Lead risk to swans worse than previously thought

One of the lead poisoned Whooper Swans found by the study. Photo: WWT.
One of the lead poisoned Whooper Swans found by the study. Photo: WWT.
The health of swans in Britain is being affected by lead poisoning at lower doses than previously recognised, suggests new research.

A study by the Wildfowl and Wetlands Trust (WWT) and the University of Exeter investigated levels of lead in the bloodstream of Whooper Swans and found they were related to reduced body condition in the birds. The swans’ body weight is critical for getting them through cold weather, and for giving them the strength to migrate from Britain back to Iceland in the spring and then breed successfully.

Some 260 Whooper Swans were caught and tested by the WWT in Lancashire and Dumfriesshire. The study showed significantly lower body conditions in birds whose blood lead level was above 44 micrograms per decilitre – lower than previously recognised thresholds of 50-100 micrograms per decilitre.

Around 10 per cent of the swans in the study had lead levels above the level associated with significant loss of condition. The study shows how sensitive birds can be to lead poisoning, as health effects can be seen at even relatively low levels of the toxic substance. Even healthy swans may in fact be suffering from the effects of lead poisoning.

The swans are exposed to lead by eating spent shot left on the ground after shooting, which they mistake for food or grit. A classic symptom of lead poisoning is paralysis of the gut, making digestion of food ineffective and leading to loss of weight and energy reserves.

WWT Senior Ecosystem Health Officer, Julia Newth said: “We know from this and previous studies that a high proportion of Whooper Swans are affected by lead poisoning in [Britain]. Perhaps we shouldn’t be surprised to find negative impacts at lower lead levels than previously thought as global research on a range of species recognises that there is no such thing as a safe level of lead.”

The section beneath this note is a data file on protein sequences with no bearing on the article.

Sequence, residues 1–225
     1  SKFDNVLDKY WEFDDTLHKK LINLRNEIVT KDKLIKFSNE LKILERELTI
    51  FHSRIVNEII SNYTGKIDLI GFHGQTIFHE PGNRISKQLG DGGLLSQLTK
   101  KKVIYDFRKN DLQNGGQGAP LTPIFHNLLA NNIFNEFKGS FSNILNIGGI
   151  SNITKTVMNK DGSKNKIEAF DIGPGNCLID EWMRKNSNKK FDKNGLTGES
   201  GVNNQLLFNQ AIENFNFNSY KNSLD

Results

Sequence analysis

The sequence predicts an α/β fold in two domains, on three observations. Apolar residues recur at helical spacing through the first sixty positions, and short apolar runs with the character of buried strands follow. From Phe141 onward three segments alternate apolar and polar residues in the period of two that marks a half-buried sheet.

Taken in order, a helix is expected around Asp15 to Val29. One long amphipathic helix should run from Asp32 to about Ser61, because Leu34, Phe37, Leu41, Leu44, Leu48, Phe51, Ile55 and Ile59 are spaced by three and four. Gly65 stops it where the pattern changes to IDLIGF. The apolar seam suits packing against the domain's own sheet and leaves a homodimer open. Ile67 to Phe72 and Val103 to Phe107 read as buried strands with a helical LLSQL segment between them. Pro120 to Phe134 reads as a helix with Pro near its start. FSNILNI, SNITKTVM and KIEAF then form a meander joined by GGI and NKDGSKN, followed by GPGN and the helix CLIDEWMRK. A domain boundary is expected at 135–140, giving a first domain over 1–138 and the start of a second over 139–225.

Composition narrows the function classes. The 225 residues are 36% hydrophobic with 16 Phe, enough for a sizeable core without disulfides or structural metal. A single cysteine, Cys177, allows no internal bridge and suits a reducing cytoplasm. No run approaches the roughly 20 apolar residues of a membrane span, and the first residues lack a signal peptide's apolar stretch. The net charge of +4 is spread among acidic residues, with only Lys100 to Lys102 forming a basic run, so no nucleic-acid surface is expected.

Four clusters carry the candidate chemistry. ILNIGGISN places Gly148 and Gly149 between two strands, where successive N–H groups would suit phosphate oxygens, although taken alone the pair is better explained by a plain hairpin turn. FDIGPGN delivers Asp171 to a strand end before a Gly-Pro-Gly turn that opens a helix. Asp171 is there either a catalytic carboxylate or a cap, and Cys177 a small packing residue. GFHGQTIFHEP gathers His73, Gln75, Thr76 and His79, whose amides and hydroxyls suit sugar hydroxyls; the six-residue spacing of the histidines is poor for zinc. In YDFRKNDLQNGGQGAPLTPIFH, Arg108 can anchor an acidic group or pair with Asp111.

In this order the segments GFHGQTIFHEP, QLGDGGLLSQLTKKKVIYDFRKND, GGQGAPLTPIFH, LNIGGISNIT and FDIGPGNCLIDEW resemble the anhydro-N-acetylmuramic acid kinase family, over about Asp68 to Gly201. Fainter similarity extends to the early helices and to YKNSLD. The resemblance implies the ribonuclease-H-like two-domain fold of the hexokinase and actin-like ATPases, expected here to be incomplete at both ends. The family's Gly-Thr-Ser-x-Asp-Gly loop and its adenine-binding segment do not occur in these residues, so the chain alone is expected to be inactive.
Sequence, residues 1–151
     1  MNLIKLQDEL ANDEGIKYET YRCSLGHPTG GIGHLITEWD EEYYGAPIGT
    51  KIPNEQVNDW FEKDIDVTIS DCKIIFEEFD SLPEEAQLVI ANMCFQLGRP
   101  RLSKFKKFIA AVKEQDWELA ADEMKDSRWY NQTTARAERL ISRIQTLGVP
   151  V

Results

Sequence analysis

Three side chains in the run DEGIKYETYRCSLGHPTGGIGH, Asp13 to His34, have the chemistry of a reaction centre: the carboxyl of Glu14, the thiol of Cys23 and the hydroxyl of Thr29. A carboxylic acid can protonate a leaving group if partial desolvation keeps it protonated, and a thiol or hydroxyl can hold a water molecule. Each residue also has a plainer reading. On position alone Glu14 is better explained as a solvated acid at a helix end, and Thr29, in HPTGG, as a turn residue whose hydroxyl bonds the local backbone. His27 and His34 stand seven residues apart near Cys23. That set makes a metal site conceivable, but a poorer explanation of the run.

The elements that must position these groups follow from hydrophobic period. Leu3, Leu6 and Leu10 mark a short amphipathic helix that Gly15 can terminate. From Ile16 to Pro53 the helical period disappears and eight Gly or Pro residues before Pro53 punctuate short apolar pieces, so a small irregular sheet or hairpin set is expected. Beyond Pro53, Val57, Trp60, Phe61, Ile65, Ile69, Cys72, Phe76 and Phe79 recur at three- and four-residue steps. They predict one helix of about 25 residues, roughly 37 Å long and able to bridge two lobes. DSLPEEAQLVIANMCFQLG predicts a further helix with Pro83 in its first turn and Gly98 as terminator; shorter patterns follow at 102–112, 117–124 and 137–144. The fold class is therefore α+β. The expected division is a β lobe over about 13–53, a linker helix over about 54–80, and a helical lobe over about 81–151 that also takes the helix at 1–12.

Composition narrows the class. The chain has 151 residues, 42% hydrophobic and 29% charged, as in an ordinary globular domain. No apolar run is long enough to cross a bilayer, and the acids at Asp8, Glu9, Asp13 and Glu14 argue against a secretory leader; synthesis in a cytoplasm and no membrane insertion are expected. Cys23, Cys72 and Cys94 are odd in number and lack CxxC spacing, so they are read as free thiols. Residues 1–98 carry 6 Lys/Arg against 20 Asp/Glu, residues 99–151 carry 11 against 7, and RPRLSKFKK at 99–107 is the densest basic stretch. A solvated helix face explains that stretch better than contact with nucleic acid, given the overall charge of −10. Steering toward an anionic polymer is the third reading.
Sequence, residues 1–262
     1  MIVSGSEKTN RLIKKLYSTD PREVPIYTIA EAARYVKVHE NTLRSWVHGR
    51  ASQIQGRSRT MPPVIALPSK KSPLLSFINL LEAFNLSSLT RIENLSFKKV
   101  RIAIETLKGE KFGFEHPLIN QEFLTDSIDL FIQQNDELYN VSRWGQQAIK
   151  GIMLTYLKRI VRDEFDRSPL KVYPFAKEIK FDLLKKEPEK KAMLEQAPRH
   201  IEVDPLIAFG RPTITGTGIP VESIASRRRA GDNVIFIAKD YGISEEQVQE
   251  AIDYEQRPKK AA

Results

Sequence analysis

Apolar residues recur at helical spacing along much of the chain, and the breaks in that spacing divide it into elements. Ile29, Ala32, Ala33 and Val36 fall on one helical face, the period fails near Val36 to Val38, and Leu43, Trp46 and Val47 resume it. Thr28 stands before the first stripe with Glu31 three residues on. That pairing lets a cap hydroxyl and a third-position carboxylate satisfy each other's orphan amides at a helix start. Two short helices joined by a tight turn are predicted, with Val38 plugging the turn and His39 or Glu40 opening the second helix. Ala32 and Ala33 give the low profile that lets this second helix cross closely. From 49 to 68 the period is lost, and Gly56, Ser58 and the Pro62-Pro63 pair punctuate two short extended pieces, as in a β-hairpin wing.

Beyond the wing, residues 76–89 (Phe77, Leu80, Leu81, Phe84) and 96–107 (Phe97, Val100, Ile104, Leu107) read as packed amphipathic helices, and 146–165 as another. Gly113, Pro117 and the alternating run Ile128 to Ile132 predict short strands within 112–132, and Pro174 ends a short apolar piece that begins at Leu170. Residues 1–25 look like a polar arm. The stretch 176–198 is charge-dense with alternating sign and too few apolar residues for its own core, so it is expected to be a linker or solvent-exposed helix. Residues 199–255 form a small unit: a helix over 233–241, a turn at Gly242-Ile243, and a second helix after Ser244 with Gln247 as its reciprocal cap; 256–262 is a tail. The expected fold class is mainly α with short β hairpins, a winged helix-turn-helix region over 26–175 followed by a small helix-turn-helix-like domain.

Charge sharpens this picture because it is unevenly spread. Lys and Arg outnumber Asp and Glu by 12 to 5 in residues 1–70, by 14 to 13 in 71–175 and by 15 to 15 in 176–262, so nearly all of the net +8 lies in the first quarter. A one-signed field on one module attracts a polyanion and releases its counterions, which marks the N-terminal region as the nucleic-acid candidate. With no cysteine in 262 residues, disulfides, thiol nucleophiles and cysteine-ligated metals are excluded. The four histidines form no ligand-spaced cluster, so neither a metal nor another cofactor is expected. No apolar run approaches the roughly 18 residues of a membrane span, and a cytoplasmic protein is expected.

A graph showing the correlation between lead present in the blood of the sampled Whooper Swans and a decline in their physical condition. Image: WWT. 

Professor of Animal Ecology at the University of Exeter, Stuart Bearhop, said: “This new scientific study provides important evidence that the exposure of British birds to toxic lead isn’t just a matter of how many might die. Others may be weakened by lead poisoning and these health effects will almost always be invisible to the casual observer. It is clear we need to find additional ways to reduce the risk of wildlife exposure to toxic heavy metals by initiating best practice and changing the types of shot used in the countryside.”

The Whooper Swans were caught at Martin Mere in Lancashire and Caerlaverock in Dumfriesshire during the winters of 2010/11, 2012/13 and 2013/14. Six of the seven catches were made very late in the season, between mid-February and early March, with the seventh in mid-December. This ensured their blood lead levels most likely reflected their diet while overwintering in Britain, rather than residual levels left over from feeding in Iceland the summer before – lead works its way through the bloodstream and then the level drops after around 35 days as it deposited in other body tissues.

Partial restrictions on use of lead were introduced in England in 1999 and Scotland in 2004 due to growing concerns about birds being poisoned by spent lead ammunition. It is illegal to shoot lead over the wetlands around both WWT’s test sites in England and Scotland, while in England it’s also illegal to use lead to shoot certain species. But WWT testing in the winter of 2013/14 showed 77 per cent of 102 ducks, sold as being locally shot in England, were still shot illegally using lead rather than an alternative non-toxic material like steel which is already readily available. Many birds, including Whooper Swans, often feed in fields away from wetlands where it is still legal to shoot many species (depending on which nation) using lead ammunition.
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